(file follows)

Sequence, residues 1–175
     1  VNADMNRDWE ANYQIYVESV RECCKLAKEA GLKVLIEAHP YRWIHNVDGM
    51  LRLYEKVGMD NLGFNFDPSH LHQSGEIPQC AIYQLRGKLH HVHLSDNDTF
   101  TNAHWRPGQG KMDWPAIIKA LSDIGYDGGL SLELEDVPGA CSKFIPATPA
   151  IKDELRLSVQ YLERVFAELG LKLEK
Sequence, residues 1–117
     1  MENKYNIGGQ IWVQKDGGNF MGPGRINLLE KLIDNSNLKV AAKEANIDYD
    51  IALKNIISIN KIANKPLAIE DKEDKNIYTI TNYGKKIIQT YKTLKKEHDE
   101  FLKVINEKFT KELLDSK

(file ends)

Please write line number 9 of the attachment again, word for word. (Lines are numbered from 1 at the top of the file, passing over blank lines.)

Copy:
   101  FLKVINEKFT KELLDSK